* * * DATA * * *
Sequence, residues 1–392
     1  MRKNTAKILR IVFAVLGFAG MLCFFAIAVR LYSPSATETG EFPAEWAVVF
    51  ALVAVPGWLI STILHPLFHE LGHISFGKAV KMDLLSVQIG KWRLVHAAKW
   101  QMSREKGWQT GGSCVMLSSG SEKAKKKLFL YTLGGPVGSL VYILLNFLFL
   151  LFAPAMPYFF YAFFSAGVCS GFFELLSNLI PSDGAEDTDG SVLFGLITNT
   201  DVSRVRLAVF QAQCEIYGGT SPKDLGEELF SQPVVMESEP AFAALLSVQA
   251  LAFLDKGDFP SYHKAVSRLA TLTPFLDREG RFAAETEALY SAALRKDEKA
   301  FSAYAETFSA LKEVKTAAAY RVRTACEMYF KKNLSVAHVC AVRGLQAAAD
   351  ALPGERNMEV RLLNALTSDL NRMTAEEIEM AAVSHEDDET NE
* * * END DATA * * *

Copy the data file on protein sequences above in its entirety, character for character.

Sequence, residues 1–392
     1  MRKNTAKILR IVFAVLGFAG MLCFFAIAVR LYSPSATETG EFPAEWAVVF
    51  ALVAVPGWLI STILHPLFHE LGHISFGKAV KMDLLSVQIG KWRLVHAAKW
   101  QMSREKGWQT GGSCVMLSSG SEKAKKKLFL YTLGGPVGSL VYILLNFLFL
   151  LFAPAMPYFF YAFFSAGVCS GFFELLSNLI PSDGAEDTDG SVLFGLITNT
   201  DVSRVRLAVF QAQCEIYGGT SPKDLGEELF SQPVVMESEP AFAALLSVQA
   251  LAFLDKGDFP SYHKAVSRLA TLTPFLDREG RFAAETEALY SAALRKDEKA
   301  FSAYAETFSA LKEVKTAAAY RVRTACEMYF KKNLSVAHVC AVRGLQAAAD
   351  ALPGERNMEV RLLNALTSDL NRMTAEEIEM AAVSHEDDET NE